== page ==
CPU Benchmark Performance: Science

Our Science section covers all the tests that typically resemble more scientific-based workloads and instruction sets. For our 2023 CPU suite, we've also added SciMark 2.0 which measures numerical kernels and various computational routines found in numeric coding.

We are using DDR5 memory on the 12th and 13th Gen Core parts, as well as the Ryzen 7000 series, at the following settings:

  • DDR5-5600B CL46 - Intel 13th Gen
  • DDR5-5200 CL44 - Ryzen 7000
  • DDR5-4800 (B) CL40 - Intel 12th Gen

All other CPUs such as Ryzen 5000 and 3000 were tested at the relevant JEDEC settings as per the processor's individual memory support with DDR4.


(2-1) 3D Particle Movement v2.1 (non-AVX)

(2-2) 3D Particle Movement v2.1 (Peak AVX)

(2-3) yCruncher 0.78.9506 ST (250m Pi)

(2-4) yCruncher 0.78.9506 MT (2.5b Pi)

(2-4b) yCruncher 0.78.9506 MT (250m Pi)

(2-5) SciMark 2.0: Composite

(2-5b) SciMark 2.0: Monte Carlo

(2-5c) SciMark 2.0: Fast Fourier Transform

(2-5d) SciMark 2.0: Sparse Matrix Multiply

(2-5e) SciMark 2.0: Dense LU Matrix Factorization

(2-5f) SciMark 2.0: Jacobi Successive Over-Relaxation

(2-6) Primesieve 1.9.0: High Core Count

Our science-focused benchmarks highlight the fact the Core i9-13900KS and Core i9-13900K are both very similar in regard to performance. Outside of the 3DPM v2.1 AVX test where AMD gains the advantage in actually supporting AVX-512 instruction sets, the additional bump to base and turbo clock speeds doesn't yield too much benefit here.

CPU Benchmark Performance: Power And Office CPU Benchmark Performance: Simulation
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  • Slash3 - Saturday, January 28, 2023 - link

    They won't, but for a practical reason. It's an always online, frequently updated game, and test data would only be relevant for a single, back to back comparison between parts. No way to accurately compare to previous test results.
  • Peskarik - Saturday, January 28, 2023 - link

    Please add Microsoft Flight Simulator, Anandtech!!!
  • dontlistentome - Saturday, January 28, 2023 - link

    There was a screenshot floating around not too long ago (from Anandtech iirc) showing why not - the activation process is a nightmare if you try to flip it between machines for testing. The want to use it, MS stand in the way.
  • scottrichardson - Friday, January 27, 2023 - link

    I know this is primarily a PC/Windows oriented review but I would have loved to have seen the M2 pro/max included in here. I know that it would have been smoked in most of these benchmarks, especially multi-core, but it would still be interesting to see the power usage and relative performance. Whether we want it or not, there’s a 3rd player in the CPU game now!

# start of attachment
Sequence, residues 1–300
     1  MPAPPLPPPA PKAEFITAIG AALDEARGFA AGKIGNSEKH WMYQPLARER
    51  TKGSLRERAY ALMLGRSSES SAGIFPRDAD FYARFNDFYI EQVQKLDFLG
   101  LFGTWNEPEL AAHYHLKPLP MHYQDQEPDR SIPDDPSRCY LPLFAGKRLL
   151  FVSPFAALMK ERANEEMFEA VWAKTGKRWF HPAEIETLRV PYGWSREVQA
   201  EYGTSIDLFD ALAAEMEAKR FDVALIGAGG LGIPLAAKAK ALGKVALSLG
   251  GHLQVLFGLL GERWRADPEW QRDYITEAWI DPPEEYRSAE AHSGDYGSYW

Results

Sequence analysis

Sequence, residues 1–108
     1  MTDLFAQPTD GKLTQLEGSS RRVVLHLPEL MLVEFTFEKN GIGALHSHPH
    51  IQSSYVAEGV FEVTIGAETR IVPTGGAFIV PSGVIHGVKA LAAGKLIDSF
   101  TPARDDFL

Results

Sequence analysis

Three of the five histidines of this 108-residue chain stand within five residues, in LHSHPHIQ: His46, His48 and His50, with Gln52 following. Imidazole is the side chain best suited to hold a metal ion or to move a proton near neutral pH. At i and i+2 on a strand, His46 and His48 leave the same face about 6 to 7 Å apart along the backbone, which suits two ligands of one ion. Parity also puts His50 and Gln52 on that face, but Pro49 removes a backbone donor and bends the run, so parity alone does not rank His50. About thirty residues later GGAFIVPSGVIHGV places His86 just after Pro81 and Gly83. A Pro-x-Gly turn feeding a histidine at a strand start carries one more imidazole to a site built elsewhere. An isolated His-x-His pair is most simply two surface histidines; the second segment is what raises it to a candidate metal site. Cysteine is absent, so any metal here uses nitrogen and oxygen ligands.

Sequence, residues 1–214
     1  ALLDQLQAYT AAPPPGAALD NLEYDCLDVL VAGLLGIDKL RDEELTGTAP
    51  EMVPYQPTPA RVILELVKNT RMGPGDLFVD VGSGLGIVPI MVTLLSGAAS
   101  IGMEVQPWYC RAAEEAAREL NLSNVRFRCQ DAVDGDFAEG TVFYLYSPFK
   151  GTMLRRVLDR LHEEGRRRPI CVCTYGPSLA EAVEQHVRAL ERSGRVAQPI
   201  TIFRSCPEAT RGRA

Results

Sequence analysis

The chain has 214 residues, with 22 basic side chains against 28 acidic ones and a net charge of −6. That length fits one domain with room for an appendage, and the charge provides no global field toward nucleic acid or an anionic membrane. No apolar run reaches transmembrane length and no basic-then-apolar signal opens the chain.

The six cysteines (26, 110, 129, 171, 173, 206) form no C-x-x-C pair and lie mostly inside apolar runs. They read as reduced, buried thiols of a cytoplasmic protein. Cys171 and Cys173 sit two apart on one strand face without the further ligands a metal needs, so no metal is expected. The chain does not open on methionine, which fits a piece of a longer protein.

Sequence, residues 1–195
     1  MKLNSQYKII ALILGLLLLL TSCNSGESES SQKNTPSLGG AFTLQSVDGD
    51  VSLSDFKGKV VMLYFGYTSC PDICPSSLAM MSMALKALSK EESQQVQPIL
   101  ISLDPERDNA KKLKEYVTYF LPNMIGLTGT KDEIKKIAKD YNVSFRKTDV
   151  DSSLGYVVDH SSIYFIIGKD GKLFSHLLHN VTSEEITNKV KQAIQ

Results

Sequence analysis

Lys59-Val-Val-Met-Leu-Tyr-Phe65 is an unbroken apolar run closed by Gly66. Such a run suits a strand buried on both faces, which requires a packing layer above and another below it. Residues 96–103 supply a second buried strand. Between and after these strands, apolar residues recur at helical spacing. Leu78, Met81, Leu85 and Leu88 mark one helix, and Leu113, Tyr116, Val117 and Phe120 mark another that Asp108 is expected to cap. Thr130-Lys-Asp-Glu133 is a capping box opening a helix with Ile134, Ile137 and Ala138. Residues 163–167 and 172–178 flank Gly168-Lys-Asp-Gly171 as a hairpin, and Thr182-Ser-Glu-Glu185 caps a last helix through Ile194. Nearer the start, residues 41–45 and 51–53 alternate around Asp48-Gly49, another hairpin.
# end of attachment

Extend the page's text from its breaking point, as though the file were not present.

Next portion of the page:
• dontlistentome - Saturday, January 28, 2023 - link

    There's a 3rd player taking part, but in a different game. If it can't run the same software or platform, it's irrelevant other than for comparing instruction sets.
  • Tunnah - Friday, January 27, 2023 - link

    1/3rd more power for single digit performance increase, how very Intel.
  • Peskarik - Saturday, January 28, 2023 - link

    AMD Ryzen 9 7900 wins for me.
  • Carmen00 - Saturday, January 28, 2023 - link

    10-20Mhz extra on average, for the "Favoured Cores" only, and for an additional $110 and 25W more. I know there are plenty of Greater Fools in the tech space, but surely there is a limit to how much even they will tolerate?
  • albie_ - Saturday, January 28, 2023 - link

    "The peak power figures from our power testing show that the Core i9-13900K drew an impressive 359.9 W at full load."

    I'm dumbfounded by this statement. Is this supposed to be selling point and good to have? What sort of tech journalist are you?
  • Ryan Smith - Saturday, January 28, 2023 - link

    "What sort of tech journalist are you?"

    The sarcastic kind.

    That statement was fully tongue in cheek. Intel made a consumer desktop chip that draws 360 Watts. It's all a bit silly, innit?

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